The Running of the Buffalo
DriverWorks Ink / 11 February 2011

Running of the Buffalo by Ron Petrie Published by DriverWorks Ink Review by Cindy Wilson $21 ISBN 978-0-9810394-5-9 What child growing up during a Saskatchewan winter has not put their tongue on a frozen metal object, or been aghast and terrified by seeing someone else make that terrifying (and painful) mistake? Ron Petrie’s Running of the Buffalo will make you forget the pain entirely. This book is filled with enjoyable nonsense, a great deal of local knowledge, and accurate research sometimes hidden beneath the author’s antics. You’ll see yourself, or someone you’re related to, or someone you know in Petrie’s humour and approachable style. The author, who grew up on a farm in province with largely rural populations, shares his point of view, which others from rural Saskatchewan will relate to. Petrie offers the ridiculous in areas like child rearing, home improvement, sex, and government. You’ll laugh out loud at the author’s take on growing up in Saskatchewan, and at his take on life. It’s great to read about the province’s rural towns and villages, many of which will be instantly familiar to the seasoned Saskatchewanian. Petrie suggests the names of some towns could mistakenly reflect the type of citizens…

The Little Coat
DriverWorks Ink / 13 October 2010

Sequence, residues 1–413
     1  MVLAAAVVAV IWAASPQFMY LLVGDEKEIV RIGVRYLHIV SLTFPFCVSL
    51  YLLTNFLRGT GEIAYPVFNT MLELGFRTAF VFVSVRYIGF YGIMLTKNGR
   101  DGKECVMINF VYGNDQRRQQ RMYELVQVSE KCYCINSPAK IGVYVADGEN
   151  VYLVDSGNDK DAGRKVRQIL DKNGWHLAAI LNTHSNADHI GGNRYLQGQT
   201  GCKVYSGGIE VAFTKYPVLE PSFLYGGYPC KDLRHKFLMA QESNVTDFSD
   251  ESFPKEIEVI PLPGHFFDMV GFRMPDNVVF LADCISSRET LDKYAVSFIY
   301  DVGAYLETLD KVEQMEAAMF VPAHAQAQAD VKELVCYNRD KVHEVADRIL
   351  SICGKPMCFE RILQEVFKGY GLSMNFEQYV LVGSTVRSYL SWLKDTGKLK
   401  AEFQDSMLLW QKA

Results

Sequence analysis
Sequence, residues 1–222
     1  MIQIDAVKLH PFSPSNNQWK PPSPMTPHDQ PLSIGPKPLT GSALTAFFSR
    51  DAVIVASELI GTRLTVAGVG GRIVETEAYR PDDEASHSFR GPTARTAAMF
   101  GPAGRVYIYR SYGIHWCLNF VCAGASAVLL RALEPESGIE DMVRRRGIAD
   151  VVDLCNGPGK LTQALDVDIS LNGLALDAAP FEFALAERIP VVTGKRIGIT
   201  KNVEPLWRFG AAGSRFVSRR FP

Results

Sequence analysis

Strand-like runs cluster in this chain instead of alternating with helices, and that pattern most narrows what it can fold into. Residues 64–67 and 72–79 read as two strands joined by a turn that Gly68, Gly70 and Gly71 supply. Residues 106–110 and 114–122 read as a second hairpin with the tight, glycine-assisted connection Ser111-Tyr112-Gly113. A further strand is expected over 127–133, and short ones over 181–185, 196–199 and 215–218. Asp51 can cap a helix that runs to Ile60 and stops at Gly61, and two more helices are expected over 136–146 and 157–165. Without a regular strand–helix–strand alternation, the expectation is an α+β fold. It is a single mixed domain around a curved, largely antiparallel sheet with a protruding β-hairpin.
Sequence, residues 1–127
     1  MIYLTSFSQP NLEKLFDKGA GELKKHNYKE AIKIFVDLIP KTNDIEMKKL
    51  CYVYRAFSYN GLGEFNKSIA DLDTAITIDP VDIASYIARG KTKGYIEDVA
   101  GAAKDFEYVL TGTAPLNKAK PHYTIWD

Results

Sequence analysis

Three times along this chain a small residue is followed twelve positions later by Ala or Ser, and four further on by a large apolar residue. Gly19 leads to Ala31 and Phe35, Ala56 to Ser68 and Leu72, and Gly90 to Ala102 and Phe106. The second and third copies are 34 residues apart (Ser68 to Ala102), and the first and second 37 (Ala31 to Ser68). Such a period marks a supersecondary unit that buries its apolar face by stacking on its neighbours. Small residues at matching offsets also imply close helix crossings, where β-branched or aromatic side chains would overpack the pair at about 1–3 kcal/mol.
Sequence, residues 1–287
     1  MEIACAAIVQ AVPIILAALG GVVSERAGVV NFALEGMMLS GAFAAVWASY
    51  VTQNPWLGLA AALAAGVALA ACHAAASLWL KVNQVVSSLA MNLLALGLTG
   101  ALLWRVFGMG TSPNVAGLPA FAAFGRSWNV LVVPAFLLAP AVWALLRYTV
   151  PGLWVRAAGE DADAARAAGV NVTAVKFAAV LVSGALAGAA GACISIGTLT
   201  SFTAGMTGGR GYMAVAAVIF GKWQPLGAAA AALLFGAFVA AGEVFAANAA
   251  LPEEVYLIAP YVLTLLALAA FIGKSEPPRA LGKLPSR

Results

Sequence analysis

The Little Coat by Alan J. Buick Published by DriverWorks Ink Review by Joan Givner $19.95 ISBN 978-0-9810394-3-5 Alan J. Buick deftly weaves together the true stories of two people against the background of World War II. The first is Everdina (nicknamed ‘Sussie’), a little Dutch girl whose family suffered and survived the horrors of the German occupation. The other is Bob Elliott from Alberta, who enlisted in the Canadian army at the age of fifteen by lying about his age. Their stories intersect when his tank brigade arrived in Holland. Sussie became the brigade’s mascot and was rewarded one Christmas with an amazing gift. It was a set of new clothes to replace her ragged ones. These included the coat of the title, made by a local dressmaker and decorated with eight beautiful buttons, each one donated by a soldier from his uniform. The coat was still Sussie’s most cherished possession when Bob made a return visit to the Netherlands decades later. The two, both now divorced, met, fell in love, and married. They spent the rest of their lives together, dividing their time between Canada and Holland. Sussie donated her coat to the Canadian Legion Hall in Olds,…